“Not only does Superblue Miami add a new dimension to the arts and culture landscape in our region, but it has been conceived as a cultural hub that will be deeply rooted in and integrated with the community,” said Shantelle Rodriguez, Director of Superblue Miami. “In planning our launch and year-round program, it’s been very exciting to collaborate with local cultural and civic groups and begin the process of forging meaningful partnerships. Our goal is to create resources, events, and other programs that support our community, and bring to the fore the pressing issues and perspectives that the artists engage with through their work.”
Created for the debut at Superblue Miami, Es Devlin’s Forest of Us is an immersive environment that takes viewers on a journey rooted in the human respiratory process. She uses video, mirrored surfaces, sculptural and performative elements, to create a massive mirrored maze that resembles bronchial lung structures with a short film that depicts the mathematics of human respiration and how it mimics the geometry of trees. Walking along the maze’s pathways, mirrored walls reflect every turn.
Reflective of Devlin’s large-scale sculptures and environments that explore human identity and perspective, the work illuminates similarities between the breathing, living networks within bodies, and the ones in nature.
TeamLab: Between Life and Non-Life
A suite of interconnected artworks takes viewers on a journey between living and non-living states of being and the relationship between humanity and the natural world. teamLab is an interdisciplinary collective of artists, programmers, engineers, CG animators, mathematicians, and architects that work to transcend boundaries of perception and explore the relationship between the inner self and the outer world. The audience interactions result in one-time-only visual effects never to be replicated. The installation includes:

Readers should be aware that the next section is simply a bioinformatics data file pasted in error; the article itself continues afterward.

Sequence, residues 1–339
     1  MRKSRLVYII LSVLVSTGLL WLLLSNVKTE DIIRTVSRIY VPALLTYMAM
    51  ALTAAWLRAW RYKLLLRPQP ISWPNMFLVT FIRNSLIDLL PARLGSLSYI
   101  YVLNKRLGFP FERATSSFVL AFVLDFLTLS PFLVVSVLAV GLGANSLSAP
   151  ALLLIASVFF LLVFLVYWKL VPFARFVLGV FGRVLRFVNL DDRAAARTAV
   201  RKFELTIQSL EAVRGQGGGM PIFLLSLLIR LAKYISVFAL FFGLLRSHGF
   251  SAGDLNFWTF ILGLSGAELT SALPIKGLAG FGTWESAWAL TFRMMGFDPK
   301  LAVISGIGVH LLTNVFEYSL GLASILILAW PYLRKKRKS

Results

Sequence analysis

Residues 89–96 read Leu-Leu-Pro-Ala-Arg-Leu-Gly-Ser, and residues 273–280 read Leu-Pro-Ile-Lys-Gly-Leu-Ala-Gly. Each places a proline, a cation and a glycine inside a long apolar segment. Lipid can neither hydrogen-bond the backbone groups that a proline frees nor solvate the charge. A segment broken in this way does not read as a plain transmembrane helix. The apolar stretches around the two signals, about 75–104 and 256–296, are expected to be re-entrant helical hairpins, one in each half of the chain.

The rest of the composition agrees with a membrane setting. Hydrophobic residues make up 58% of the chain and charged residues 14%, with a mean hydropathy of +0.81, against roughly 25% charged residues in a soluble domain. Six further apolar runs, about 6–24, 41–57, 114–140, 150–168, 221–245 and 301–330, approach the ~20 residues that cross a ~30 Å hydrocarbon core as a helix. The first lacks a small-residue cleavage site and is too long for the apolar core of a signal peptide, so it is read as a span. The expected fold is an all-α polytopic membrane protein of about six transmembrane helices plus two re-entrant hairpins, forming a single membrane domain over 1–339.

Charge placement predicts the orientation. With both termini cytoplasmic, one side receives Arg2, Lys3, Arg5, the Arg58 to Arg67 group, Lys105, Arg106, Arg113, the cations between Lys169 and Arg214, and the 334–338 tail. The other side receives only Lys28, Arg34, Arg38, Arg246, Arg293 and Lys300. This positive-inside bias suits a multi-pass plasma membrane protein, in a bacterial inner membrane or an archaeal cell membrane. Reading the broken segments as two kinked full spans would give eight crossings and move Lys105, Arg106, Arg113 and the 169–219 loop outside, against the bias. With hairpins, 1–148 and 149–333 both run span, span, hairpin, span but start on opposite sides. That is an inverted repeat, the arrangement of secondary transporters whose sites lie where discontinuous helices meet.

Life Survives by the Power of Life, a new 8K single-channel monitor work that renders the Japanese character for life, 生 (sei), in 3D space to express the depth, speed, and power of the brushstroke.
Universe of Water Particles, Transcending Boundaries, a responsive, interactive installation where visitors are surrounded by a digital continuum of water particles that appear flattened in what teamLab calls “ultrasubjective space.”
Flowers and People, Cannot be Controlled but Live Together. This computer-generated, real-time rendering is of a seasonal year of flowers growing, blooming, withering, and decaying – a cycle repeating in perpetuity. Flowers that are stepped on, result in scattered petals; flowers that are observed in stillness grow abundantly.
James Turrell: Ganzfeld
Turrell’s Ganzfeld shows the effects of light and space on the mechanics of vision through conscious and unconscious modes of seeing. Taking its name from the German phrase for “complete field,” the large-scale installation immerses viewers in a room of monochrome lighting, where the dimensions of space are sensed before light dissolves. Turrell has been creating light field installations for years in museums and has 6 permanent ones at the Fontainebleau Hotel in Miami Beach.
Superblue: Large-scale experiential art coming to Miami
Superblue: Large-scale experiential art coming to Miami